We didn’t know where to go: Syrian refugees on the move
It’s starting to rain here. Last week, Kawthar, 25, and her daughter Barcham, 2 and a half, had a home. Today they are living in a tent. The rain falls quietly but the wind is loud, whipping the flaps of the tent around wildly as we sit inside it. This is one of many tents that have sprung up in the last few days in Barderash camp, in Northern Iraq, not far from the Syrian border.
Barcham and Kawthar are from the Syrian city of Serekaniye, (also known as Ras Al-Ayn). Close to the Turkish border, it has become a flashpoint of the recent conflict, forcing many families who lived there to flee. Approximately 176,000 people (including almost 80,000 children) have been displaced inside north-eastern Syria just in the last two weeks.
Kawthar recalled fleeing Serekaniye:
“The air strikes were happening in front of us, so I picked up my daughter and ran. All we could hear was the sound of bombing. We were walking and in front of us was bombing. We would stop, and cry, and we wouldn’t know where to go.”
Like many other families affected by the current crisis, Kawthar’s family has been displaced multiple times.
“Wherever we go there is war"
"We’ve been in Darbasieh [town in northern Syria], we’ve been in Hassakah [city in Northern Syria], and there were attacks there, and there were no other places to go” she said. So Kawthar made the difficult decision to flee to Iraq. The official border crossings are reportedly not open for Syrians, so many families who want to flee are forced to pay smugglers to get them across the border. It’s a difficult and risky journey, and Kawthar tells us that Barcham cried the whole way. The little girl sits quietly on her mother’s lap now, clutching a packet of biscuits with one hand and reaching up to touch her mother’s cheek with the other. “For her sake, I had to leave. You can’t imagine the situation our kids are in,” Kawthar says softly.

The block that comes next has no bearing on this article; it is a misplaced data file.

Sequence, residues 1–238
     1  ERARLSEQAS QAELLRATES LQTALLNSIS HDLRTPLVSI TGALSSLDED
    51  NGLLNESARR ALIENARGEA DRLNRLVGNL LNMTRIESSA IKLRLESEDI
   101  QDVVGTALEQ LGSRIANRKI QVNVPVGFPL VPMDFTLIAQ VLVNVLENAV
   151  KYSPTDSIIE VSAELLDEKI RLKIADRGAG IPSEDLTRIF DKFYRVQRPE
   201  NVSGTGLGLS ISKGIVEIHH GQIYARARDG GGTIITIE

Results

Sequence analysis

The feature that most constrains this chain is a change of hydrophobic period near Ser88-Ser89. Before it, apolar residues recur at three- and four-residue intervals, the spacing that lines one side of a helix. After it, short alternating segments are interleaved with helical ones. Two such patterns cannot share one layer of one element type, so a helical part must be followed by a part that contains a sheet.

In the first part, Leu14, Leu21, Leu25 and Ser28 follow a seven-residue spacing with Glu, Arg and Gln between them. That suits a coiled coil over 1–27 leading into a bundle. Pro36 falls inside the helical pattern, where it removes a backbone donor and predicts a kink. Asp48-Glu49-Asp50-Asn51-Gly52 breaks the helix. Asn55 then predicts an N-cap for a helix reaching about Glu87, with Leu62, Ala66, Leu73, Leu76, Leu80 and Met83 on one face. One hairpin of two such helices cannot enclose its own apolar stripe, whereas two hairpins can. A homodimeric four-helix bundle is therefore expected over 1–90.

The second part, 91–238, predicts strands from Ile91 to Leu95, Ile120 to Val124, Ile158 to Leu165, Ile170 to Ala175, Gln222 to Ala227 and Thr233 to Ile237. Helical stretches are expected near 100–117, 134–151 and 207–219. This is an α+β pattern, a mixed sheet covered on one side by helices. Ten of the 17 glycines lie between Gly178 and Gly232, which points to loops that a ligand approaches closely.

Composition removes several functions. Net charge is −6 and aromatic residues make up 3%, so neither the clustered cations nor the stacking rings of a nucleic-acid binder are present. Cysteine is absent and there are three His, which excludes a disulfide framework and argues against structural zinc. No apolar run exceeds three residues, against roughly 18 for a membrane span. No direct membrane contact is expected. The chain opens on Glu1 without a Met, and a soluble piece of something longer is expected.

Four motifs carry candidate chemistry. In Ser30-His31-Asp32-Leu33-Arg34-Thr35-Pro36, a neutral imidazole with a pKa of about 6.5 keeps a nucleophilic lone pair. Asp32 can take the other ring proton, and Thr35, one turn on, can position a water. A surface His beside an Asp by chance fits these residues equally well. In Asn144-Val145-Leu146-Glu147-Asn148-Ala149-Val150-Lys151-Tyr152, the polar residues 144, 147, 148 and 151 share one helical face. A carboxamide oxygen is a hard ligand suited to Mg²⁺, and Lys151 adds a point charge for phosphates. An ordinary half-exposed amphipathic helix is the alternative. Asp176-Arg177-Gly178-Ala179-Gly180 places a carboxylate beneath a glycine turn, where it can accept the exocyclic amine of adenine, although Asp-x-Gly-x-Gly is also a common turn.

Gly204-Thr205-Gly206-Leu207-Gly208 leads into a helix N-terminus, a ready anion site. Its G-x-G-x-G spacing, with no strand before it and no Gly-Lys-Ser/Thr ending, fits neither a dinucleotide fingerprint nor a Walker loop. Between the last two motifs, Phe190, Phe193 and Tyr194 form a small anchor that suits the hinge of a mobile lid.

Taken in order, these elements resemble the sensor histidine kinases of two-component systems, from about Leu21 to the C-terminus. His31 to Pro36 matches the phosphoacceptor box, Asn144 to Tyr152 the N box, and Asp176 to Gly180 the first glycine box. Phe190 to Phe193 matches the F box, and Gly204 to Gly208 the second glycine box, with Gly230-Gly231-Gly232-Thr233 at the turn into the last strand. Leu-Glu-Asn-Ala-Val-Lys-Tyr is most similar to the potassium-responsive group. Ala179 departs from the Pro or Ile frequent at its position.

When we ask what her biggest hope for her daughter is, at first Kawthar doesn’t understand the question. Perhaps it is a strange place, a strange time, to ask about big hopes. The tent we sit in together is empty, except for a mattress, a small backpack (the size of a school bag) and some relief items piled in a corner. Like most families who crossed the border on foot, Kawthar didn’t bring much. “I just brought Barcham and three changes of clothes, and I put my bag on my back and we ran away,” she said. Humanitarian agencies have provided families with some basic relief items like kitchen sets and mattresses, and UNICEF is planning to distribute hygiene kits later today.
“Many of the children who are now in Baraderesh had just returned to school for the new academic year when the violence started. They’ve had to leave behind everything they know and flee to safety. They are likely stressed and in a state of shock. UNICEF is working around the clock to establish basic services in the camp, including education facilities and child friendly spaces where children can learn and play in safety, as well as receive specialized care for those with specific needs,” said Hamida Lasseko, UNICEF Representative in Iraq.
According to camp management officials, this camp (which was originally established in 2015 for Iraqi families fleeing Mosul) had been empty for two years, but was re-opened just days ago, this time for families fleeing the conflict in northern Syria. There are more than 2,000 people here so far, with around 700 individuals arriving each day. It’s a hive of activity, and we can hear the clang of shovels, people working to clear the ground and put up tents. Some young men in the tent next to Kawthar’s are helping the families in the tents around them, clearing rubbish off the ground and setting up a row of bricks at the front of people’s tents, like little porches. This way, when this still-light rain turns the dirt around the tents to mud, the children won’t slip as they scramble in and out of their tents in the rain.
These are the small hopes, the small goals, for now. And Kawthar’s biggest hope for her daughter?
“I want my daughter to have a happy life, a good life, and not to have a war. I want my daughter to be comfortable and safe, and that’s all I want. I don’t want anything else," she says quietly.